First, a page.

While these techniques are generally quite safe, there are instances where these techniques shouldn't be utilized. This is where seeing a provider that's well versed in medical screening and that understands the existing research is quite important. Adverse events are fairly uncommon with manipulation, but they can still happen. However, some quality studies examining these adverse events have demonstrated that often times there were signs in a patient history that indicated another pathway should have been sought for symptom management. The good news, even if you fall into the category of those that shouldn't have this done, is that there are other conservative options for managing your symptoms. Seeking out providers that aim to understand you and what you've been experiencing and that understand where the research stands should afford you a situation where multiple treatment options are available to help you on your way to feeling better.
1. Vernon H. Historical overview and update on subluxation theories. J Chiroprac Humanities. 2010;17:22-32.
2. Keating JC, et al. Subluxation: Dogma or science? Chiropr Osteopat. 2005;13(17): doi:10.1186/1746-13-17.
3. Bialosky JE, et al. Unraveling the mechanisms of manual therapy: Modeling an approach. J Orthop Sports Phys Ther. 2018;48(1):8-18.
4. Coronado RA, et al. Changes in pain sensitivity following spinal manipulation: A systematic review and meta-analysis. J Electromyogr Kinesiol. 2012;22(5):752-767.
5. Coronado RA, et al. The comparative effects of spinal and peripheral thrust manipulation and exercise on pain sensitivity and the relation to clinical outcome: A mechanistic trial using a shoulder pain model. J Orthop Sports Phys Ther. 2015;45(4):252-264.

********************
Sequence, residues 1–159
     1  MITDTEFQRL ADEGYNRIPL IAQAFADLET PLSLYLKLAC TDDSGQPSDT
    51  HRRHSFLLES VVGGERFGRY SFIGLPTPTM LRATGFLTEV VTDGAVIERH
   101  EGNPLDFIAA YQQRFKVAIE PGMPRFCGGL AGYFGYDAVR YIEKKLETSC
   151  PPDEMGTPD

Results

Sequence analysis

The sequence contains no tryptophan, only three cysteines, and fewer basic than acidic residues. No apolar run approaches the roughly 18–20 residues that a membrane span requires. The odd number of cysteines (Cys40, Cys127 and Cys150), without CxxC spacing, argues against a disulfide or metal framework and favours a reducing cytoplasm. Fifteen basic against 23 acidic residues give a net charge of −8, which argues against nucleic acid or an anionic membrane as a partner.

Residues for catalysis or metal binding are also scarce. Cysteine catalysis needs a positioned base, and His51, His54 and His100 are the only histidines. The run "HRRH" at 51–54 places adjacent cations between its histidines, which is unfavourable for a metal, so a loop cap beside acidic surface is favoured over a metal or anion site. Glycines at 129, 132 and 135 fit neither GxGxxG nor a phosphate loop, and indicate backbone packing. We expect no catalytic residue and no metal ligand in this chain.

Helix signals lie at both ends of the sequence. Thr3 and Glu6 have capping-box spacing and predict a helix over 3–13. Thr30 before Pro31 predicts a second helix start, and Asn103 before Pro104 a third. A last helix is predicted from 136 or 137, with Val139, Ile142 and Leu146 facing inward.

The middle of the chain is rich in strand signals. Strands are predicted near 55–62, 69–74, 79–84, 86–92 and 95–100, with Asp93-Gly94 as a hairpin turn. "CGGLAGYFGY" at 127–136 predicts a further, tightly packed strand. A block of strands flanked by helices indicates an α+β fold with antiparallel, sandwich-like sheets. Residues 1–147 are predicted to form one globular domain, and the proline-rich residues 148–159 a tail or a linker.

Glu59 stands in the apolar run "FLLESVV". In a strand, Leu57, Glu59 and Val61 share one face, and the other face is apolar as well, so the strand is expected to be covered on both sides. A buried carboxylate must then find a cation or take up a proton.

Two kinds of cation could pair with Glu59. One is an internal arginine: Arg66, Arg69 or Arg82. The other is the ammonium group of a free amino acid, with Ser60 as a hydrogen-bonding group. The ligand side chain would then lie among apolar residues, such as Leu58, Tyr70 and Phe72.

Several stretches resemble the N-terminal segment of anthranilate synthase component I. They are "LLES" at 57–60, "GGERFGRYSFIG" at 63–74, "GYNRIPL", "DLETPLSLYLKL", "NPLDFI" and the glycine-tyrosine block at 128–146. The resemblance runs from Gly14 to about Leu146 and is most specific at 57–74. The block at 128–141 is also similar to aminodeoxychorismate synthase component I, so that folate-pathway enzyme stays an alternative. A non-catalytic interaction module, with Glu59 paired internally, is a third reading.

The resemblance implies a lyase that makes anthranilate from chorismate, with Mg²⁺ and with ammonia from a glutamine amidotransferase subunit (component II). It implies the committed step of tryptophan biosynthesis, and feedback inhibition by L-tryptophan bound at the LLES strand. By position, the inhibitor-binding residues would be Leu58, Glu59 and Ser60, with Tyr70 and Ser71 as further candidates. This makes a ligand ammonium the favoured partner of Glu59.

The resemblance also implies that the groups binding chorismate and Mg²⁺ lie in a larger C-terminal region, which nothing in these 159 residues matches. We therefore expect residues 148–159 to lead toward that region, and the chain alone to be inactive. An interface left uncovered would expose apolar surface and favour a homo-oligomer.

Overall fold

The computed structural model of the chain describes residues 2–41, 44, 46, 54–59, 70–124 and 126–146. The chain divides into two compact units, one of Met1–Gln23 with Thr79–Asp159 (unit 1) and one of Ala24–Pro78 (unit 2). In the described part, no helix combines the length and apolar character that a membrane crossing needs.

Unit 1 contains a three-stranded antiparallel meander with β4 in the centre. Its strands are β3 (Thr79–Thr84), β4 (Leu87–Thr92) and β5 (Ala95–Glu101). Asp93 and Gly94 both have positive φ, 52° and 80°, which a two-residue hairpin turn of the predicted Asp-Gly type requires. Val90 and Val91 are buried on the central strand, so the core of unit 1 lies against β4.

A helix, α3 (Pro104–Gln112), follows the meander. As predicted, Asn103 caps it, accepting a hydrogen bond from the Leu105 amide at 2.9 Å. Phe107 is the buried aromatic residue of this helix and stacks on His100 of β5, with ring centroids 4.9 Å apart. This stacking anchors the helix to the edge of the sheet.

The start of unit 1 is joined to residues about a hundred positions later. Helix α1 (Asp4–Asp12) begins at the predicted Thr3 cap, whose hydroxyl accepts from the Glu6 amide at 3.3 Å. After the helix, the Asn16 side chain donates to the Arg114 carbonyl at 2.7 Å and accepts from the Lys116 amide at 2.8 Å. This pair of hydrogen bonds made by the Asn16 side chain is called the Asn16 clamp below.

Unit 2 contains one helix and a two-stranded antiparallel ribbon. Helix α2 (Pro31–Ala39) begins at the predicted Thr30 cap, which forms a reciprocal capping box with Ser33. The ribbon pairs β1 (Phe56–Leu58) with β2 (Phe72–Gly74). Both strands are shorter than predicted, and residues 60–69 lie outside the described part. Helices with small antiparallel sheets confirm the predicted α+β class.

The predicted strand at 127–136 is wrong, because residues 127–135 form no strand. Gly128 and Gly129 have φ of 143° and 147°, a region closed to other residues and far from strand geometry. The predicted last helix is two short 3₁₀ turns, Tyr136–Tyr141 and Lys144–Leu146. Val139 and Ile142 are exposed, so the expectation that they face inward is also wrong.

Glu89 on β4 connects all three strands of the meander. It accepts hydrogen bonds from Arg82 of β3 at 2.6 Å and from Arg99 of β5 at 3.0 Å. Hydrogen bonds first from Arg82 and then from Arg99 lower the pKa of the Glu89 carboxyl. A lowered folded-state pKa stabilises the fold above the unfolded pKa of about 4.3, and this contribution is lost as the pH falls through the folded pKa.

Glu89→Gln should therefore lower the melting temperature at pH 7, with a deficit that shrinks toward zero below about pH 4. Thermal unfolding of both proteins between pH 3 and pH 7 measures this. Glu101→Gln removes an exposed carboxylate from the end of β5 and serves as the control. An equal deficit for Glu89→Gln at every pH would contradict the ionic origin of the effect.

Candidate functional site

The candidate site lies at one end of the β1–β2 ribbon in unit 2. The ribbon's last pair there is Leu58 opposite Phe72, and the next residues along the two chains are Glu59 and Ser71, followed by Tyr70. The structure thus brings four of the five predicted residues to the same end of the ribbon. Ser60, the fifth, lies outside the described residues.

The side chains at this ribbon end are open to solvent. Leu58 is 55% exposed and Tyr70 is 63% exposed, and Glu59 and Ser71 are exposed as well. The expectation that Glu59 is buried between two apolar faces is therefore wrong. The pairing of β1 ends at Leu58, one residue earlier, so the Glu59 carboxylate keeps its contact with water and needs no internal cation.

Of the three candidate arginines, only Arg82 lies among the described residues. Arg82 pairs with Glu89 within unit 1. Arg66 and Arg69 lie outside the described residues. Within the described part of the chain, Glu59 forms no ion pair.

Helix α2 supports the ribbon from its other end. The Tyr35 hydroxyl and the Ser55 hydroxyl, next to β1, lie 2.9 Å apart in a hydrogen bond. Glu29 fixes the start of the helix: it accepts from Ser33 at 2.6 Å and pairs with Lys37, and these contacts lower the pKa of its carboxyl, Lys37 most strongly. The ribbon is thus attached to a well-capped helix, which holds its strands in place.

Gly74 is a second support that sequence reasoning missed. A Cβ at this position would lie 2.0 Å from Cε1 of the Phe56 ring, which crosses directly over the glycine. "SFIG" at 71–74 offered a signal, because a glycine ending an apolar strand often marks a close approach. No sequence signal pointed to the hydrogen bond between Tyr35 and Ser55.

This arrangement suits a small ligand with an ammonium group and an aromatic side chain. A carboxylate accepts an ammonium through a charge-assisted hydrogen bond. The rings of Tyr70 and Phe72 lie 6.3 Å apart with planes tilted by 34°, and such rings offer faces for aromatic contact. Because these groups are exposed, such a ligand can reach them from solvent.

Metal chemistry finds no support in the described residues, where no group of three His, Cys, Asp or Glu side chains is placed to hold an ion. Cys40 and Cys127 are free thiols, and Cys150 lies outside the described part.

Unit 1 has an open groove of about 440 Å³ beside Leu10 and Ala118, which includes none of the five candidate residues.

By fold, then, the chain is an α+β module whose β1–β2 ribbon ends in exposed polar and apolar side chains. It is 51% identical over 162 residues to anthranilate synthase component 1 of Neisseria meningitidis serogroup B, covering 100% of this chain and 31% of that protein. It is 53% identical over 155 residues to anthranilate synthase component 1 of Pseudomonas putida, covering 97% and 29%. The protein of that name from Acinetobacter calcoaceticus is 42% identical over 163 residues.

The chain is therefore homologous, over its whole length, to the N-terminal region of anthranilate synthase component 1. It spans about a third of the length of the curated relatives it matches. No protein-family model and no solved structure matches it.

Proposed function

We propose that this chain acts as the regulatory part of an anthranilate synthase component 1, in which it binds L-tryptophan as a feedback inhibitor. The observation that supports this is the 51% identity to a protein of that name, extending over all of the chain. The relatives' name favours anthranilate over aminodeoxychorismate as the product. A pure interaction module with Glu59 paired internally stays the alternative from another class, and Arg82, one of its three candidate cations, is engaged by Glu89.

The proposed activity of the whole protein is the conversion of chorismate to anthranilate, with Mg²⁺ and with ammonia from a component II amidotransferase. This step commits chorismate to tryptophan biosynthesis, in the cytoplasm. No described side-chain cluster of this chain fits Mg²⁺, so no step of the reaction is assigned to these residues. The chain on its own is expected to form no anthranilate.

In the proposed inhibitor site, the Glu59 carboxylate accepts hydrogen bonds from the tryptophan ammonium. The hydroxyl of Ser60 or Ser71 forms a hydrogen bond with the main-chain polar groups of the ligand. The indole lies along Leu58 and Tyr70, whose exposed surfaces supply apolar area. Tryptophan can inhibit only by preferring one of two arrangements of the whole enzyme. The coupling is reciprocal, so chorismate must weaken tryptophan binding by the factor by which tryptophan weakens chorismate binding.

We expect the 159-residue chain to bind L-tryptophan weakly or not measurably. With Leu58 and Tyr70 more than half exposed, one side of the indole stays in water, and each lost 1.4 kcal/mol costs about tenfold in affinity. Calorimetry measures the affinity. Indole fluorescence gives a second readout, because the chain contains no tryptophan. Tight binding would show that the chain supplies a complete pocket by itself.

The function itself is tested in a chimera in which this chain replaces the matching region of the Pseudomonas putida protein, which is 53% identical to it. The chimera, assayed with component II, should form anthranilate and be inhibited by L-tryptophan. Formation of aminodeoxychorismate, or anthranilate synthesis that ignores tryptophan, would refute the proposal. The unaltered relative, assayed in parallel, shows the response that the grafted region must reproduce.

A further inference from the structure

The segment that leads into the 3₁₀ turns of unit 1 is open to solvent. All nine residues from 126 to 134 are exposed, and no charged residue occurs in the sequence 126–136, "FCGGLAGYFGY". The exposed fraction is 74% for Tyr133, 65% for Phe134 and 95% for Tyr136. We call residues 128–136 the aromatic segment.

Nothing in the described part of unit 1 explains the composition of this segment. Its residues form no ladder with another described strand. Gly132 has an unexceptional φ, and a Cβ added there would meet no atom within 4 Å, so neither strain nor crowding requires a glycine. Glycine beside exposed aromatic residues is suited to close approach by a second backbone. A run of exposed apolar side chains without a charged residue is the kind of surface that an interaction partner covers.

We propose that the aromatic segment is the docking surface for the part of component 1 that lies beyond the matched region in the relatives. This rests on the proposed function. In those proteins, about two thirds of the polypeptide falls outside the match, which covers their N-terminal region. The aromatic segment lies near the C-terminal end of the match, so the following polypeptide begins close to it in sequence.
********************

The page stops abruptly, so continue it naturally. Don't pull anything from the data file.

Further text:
6. Bishop MD, et al. What effect can manual therapy have on a patient's pain experience? Pain Manag. 2015;5(6):455-464.
7. George SZ, et al. Immediate effects of spinal manipulation on thermal pain sensitivity: An experimental study. BMC Musculoskel Disorders. 2006;7(68):https://doi.org/10.1186/1471-2474-7-68.
8. Puentedura EJ, et al. Development of a clinical prediction rule to identify patients with neck pain likely to benefit from thrust joint manipulation to the cervical spine. J Orthop Sports Phys Ther. 2012;42(7):577-592.
9. Haas M, et al. Dose-response and efficacy of spinal manipulation for chronic cervicogenic headache: A pilot randomized controlled trial. Spine J. 2010;10(2):117-128.
10. Peek AL, et al. Thoracic manual therapy in the management of non-specific shoulder pain: A systematic review. J Manual Manipulative Ther. 2015;23(4):176-187.
11. Mintken PE, et al. Some factors predict successful short-term outcomes in individuals with shoulder pain receiving cervicothoracic manipulation: A single-arm trial. Phys Ther. 2010;90(1):26-42.
12. Fernández-Carnero J, et al. Immediate hypoalgesic and motor effects after a single cervical spine manipulation in subjects with lateral epicondylalgia. J Manipulative Physiol Therapeutics. 2008;31(9):675-681.
13. Cleland JA, et al. Comparison of the effectiveness of three manual physical therapy techniques in a subgroup of patients with low back pain who satisfy a clinical prediction rule. Spine. 2009;34(25):2720-2729.
14. Coulter ID, et al. Manipulation and mobilization for treating chronic low back pain: A systematic review and meta-analysis. Spine J. 2018;18:866-879.
15. Puentedura EJ, et al. Safety of cervical spine manipulation: Are adverse events preventable and are manipulations being performed appropriately? A review of 134 case reports. J Manual Manipulative Ther. 2012;20(2):66-74.